More Value Net Model Templates and Examples

Value Net Model

Value Net Model

Value Net Model Template

Value Net Model Template

Strategic Group Map

Strategic Group Map

Perceptual Map Template

Perceptual Map Template

Perceptual Map For Situation Analysis

Perceptual Map For Situation Analysis

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Guide and Best Practices

Developed by Adam Brandenburger and Barry Nalebuff and introduced in their book “Co-Opetition: A Revolution Mindset that Combines Competition and Cooperation”, the value net model is used to identify the key competitors of an organization and determine their behavior. In doing so it helps to make well-informed strategic decisions. The two authors state that an organization can achieve far more by cooperating with each other rather than competing against each other. This new notion of competition is presented as co-opetition. The value net model identifies the key industry players who are vital to the operational success of the organization (customers, suppliers, competitors, and complementors).

How to Use the Value Net Model

  • Understand the interdependencies between your organization and the other key players in the industry highlighted in the model
    • Customers: these are the individuals or parties who purchase your product or service
    • Suppliers: they provide the resources necessary for your business to produce or sell your products or services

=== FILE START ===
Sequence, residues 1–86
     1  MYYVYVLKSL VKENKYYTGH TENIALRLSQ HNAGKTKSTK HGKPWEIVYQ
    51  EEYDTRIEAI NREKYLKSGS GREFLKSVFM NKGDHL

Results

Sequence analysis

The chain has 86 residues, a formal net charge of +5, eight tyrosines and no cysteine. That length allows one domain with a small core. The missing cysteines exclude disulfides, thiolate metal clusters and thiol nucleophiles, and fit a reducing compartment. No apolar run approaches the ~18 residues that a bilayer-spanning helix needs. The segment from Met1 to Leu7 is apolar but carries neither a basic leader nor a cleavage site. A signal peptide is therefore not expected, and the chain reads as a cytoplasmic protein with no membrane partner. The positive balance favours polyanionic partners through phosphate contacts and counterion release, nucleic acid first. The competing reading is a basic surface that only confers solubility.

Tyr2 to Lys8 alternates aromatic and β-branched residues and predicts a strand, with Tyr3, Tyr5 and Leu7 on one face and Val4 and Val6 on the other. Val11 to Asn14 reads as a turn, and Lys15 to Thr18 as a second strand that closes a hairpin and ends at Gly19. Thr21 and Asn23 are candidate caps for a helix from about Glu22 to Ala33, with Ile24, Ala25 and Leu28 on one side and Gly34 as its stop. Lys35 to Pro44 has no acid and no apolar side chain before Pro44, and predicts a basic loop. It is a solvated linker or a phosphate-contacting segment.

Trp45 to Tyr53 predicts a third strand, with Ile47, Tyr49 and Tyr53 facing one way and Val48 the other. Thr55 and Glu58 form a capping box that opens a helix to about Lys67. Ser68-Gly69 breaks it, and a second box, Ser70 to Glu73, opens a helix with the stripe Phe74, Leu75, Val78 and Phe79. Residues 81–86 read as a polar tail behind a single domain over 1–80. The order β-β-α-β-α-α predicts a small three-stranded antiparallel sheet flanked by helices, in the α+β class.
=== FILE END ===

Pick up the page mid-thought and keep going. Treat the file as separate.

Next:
• Competitors: these are the parties that fight against you for the same market share with similar products or services
    • Complementors: these include other businesses that offer a product or service that can work well with yours, making the end product more attractive to the customer
  • To formulate your strategy based on the value net model, Brandenburger and Nalebuff suggest using it alongside the PARTS (Players, Added value, Rules, Tactics, and Scope) approach.
  • Start by identifying and listing down the players (customers, suppliers, competitors, and complementors) who can impact your business. Consider opportunities for cooperation or competition with them or the possibilities for forming a strategic alliance with any of them. Identify any external players who could join the industry.
  • Measure what each player, in their own role, can offer should they build an alliance with you. Also consider your organization’s own sources of value (i.e. competitive advantage, USP, or supply and demand) and how you can create value to customers or suppliers in case you join forces with another player.
  • Evaluate the rules and regulations in the industry that must be followed. Consider which of these can help or hinder your growth, and which rules can be changed in your favor if you collaborate with another player.
  • Identify the tactics you can use to shape the perception other players have of you and that can influence their behavior.
  • Define scope; identify how you can benefit from increasing your scope by linking to products or services in other relevant industries. Also, look into how these actions may influence the perception and action of other players.

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SWOT Analysis Template

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Ansoff Matrix Examples

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